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I’ve been reading:

  • Persuasion Jane Austen
  • Plain Truth Jodi Picoult
  • Guernsey Literary and Potato Peel Pie Society Mary Ann Shaffer
  • Wench Dolen Perkins-Valdez (a friend from high school!)
  • Pride and Prejudice Jane Austen
  • I just started reading Jane Eyre.

I’ve been knitting:

  • socks for the Mister (insert rant about the size of his feet here)

  • thrummed mittens for me – This is actually attempt number 2. I ripped out the first mitten because I was too chicken to do the afterthought thumb. These instructions are less intimidating, but I still prefer the look of a gusset.

I’ve been quilting:

  • two crib size quilts for my nephews – Finished them last week and mailed them today. Yay!! I ended up machine binding. I had quilted too close to the edge, so didn’t have the room to attach the binding for a hand-stitched binding. Honestly, I could spend a lot of time pointing out the flaws or beating myself up about the fact that I didn’t hand quilt them, but I’m going to refrain. They were made with boat loads of love and I think they are pretty cute. Do you hear that Inner Perfectionist?!?

Next up:

  • the second thrummed mitten (as soon as I get more roving)
  • maybe a sweater
  • quilting the lap quilt that I started two years ago
  • possibly more Jane Austen, but I’m open to suggestions


Last week, I had the chance to meet my newborn twin nephews.  So wee (4 lb 7 oz and 6 lb at birth) and so adorable.

I started working on quilts for each of them in the fall. The tops were finished in October, but I set them aside when I knew they wouldn’t be ready for the baby shower. Instead, I embellished some onesies and sent a box of baby basics in time for the party (literally, it was delivered during the shower).

When I’ve made quilts in the past, I have quilted them by hand. With two on the docket, even though they are crib size, I was a bit overwhelmed. I decided to invest in a walking foot for my sewing machine. I finally sat down to figure it out this week and I feel totally justified in the purchase. With a couple afternoons at the sewing machine, I have one of the two quilted.

I’m hoping to get the second one quilted over the weekend. Binding will take longer, but I now feel confident that I can get these completed and delivered before the boys outgrow them. 🙂

I was greeted yesterday morning by a small and very funny girl announcing, “Mommy, I’m these many today!”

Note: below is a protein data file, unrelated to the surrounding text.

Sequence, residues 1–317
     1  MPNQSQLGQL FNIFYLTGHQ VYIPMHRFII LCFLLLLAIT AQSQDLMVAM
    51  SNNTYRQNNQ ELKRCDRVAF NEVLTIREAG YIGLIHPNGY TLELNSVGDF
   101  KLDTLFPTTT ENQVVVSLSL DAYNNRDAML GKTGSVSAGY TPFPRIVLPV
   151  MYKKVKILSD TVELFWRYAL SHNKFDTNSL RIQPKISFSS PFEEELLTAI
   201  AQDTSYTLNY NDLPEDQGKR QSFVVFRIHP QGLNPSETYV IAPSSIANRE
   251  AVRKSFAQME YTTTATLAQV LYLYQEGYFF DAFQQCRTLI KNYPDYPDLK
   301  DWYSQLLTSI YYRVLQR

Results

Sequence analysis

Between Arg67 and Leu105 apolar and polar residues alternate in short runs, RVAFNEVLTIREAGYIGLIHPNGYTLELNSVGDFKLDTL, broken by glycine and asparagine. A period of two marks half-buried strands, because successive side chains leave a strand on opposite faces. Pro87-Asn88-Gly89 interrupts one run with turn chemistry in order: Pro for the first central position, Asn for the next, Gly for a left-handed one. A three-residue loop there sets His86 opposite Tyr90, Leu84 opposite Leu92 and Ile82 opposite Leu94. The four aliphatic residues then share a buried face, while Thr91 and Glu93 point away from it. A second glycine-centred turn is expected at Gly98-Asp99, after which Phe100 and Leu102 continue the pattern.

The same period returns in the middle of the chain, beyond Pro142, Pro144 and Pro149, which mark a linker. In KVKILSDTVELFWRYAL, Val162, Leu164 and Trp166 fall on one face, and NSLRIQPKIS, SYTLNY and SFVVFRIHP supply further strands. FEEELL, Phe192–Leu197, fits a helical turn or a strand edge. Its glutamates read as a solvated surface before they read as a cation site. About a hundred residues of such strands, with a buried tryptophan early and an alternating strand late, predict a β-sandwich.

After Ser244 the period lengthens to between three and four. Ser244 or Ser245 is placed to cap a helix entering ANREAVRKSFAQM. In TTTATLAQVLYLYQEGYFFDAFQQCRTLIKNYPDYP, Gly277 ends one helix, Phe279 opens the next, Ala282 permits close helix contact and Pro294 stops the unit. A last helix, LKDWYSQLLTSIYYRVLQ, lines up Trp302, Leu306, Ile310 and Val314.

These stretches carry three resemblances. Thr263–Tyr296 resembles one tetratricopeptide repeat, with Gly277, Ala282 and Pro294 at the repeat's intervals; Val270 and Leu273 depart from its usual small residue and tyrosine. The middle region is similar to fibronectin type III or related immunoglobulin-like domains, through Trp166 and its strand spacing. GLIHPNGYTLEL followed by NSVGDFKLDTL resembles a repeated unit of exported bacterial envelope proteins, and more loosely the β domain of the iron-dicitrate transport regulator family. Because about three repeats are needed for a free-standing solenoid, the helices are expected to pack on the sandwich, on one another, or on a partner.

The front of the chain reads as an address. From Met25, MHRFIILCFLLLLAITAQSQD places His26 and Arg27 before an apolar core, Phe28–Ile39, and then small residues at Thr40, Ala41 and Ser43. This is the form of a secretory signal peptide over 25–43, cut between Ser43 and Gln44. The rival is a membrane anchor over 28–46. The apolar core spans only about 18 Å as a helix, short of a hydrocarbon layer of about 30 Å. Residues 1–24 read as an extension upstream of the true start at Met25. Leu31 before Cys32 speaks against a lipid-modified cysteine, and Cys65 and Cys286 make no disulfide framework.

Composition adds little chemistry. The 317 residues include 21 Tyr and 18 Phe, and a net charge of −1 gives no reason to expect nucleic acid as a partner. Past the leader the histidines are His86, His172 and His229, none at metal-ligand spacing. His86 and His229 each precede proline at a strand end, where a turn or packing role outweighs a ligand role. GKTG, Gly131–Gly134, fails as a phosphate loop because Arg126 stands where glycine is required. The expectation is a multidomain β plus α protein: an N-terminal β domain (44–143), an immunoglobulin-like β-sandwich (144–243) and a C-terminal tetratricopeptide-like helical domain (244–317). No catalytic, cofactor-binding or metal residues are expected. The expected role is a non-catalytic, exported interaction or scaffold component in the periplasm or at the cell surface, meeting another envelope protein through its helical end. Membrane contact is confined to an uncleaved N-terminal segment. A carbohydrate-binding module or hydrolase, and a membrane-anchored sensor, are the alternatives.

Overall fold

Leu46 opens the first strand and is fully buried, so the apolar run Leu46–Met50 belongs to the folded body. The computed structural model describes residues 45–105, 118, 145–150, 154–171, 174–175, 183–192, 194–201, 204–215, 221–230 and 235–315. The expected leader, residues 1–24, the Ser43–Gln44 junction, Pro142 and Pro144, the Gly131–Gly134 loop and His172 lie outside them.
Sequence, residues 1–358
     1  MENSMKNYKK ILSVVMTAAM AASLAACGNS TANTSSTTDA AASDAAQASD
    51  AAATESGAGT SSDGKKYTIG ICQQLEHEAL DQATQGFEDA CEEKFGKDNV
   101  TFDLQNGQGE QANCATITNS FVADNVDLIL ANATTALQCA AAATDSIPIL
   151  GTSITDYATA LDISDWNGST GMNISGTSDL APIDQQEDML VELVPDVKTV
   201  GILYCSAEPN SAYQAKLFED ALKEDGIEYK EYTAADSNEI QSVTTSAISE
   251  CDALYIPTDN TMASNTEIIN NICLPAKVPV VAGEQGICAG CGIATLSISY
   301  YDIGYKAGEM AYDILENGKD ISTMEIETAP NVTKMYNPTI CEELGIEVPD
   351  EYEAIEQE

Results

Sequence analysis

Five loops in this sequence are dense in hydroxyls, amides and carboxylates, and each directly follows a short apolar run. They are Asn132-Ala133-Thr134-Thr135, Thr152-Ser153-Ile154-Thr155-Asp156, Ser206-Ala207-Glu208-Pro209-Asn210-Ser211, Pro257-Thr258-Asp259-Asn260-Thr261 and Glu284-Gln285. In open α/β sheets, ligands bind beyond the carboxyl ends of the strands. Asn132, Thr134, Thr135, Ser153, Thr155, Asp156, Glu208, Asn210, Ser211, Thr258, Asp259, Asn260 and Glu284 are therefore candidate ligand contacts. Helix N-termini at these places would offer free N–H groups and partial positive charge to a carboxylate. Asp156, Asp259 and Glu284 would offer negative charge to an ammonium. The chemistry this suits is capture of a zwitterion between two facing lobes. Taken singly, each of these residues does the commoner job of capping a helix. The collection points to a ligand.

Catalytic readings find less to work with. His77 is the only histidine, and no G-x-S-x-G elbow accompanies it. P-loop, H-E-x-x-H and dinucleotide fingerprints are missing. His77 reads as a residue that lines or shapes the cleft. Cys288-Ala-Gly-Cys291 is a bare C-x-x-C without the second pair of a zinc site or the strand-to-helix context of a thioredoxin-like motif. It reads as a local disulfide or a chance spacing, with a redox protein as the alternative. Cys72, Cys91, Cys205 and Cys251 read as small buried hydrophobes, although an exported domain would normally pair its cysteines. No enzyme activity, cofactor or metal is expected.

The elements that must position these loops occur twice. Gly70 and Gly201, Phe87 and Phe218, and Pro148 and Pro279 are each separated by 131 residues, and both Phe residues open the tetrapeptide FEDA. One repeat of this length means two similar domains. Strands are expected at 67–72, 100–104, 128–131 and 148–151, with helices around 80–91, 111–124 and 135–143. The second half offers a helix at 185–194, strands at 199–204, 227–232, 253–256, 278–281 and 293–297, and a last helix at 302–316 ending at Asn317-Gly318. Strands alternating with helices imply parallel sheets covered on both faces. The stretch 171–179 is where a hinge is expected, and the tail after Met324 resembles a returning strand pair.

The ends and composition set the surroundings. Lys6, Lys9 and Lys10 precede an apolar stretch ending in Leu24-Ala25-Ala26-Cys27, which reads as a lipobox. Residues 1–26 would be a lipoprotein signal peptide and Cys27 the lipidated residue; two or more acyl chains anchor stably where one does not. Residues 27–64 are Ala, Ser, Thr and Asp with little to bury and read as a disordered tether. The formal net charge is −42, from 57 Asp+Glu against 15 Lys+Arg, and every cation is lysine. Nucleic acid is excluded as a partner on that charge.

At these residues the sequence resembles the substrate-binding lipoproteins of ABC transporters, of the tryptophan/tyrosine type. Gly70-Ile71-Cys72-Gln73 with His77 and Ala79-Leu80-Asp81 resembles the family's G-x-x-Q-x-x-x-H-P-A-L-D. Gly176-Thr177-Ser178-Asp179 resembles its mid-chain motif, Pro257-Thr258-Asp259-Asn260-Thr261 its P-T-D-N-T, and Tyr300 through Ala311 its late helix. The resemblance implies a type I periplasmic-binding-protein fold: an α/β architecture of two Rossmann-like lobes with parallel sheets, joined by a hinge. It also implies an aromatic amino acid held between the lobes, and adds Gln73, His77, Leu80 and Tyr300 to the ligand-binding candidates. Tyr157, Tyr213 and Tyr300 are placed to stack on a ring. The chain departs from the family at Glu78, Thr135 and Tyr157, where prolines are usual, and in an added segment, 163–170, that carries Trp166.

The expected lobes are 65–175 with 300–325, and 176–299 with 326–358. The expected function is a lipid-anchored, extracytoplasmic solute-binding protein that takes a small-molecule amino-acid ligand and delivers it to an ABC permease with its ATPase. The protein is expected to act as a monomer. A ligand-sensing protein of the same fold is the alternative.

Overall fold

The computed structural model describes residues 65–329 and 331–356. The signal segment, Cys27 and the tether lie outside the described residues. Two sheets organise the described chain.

It was a bittersweet moment to admit she was right.  Three?!?  How can my little peanut by three already?  Somehow the warm bundle I wore everywhere has become the epitome of independence.  She is a self-proclaimed Big Girl, with strong opinions about everything, especially regarding what she wears.

Fortunately, the mama-made clothes are often on her short list.  For her birthday, I made her a new Oliver & S Tea Party Sundress.  I know I’ve mentioned this before, but I love this pattern.  The instructions are clear and easy to follow.  The details are clever and produce a tailored garment, yet they are simple enough for the advanced beginner.

IMG_8831 IMG_8832

The printed fabrics are “Just Dreamy” from Riley Blake Designs.  The green is a Kona cotton.  Now that I’ve traced the pattern, I may just have to sew a couple more.  I think she’ll like that.


Happy birthday to my silly, little peanut!  You may be getting bigger, but you will always be my Baby Girl.

Skirts are an essential in my summer wardrobe.  The other day, I was wearing one that I made a few years ago.  It is a simple bias cut a-line, made from fabric I brought back from Hawaii.  Since it was sewn for a pre-baby #3 body shape, I decided I could use another similar skirt with a little added room around the waist.  I pulled out the pattern pieces and made some adjustments.  I’m sure my method of alteration was not the recommended way, but it seems to have worked.

As much as I love my skirts, I have noticed a severe deficit of pockets in the skirts I own.  I decided to add some in-seam pockets to my new skirt.  Here’s where I really went off the map.  I drafted a piece that seemed okay and added the appropriate seam allowance.  After sewing one side, I realized that the pockets weren’t deep enough.  Hello, seam ripper!  I have a love-hate relationship with my seam ripper.  Love that I have it.  Hate how often I use it.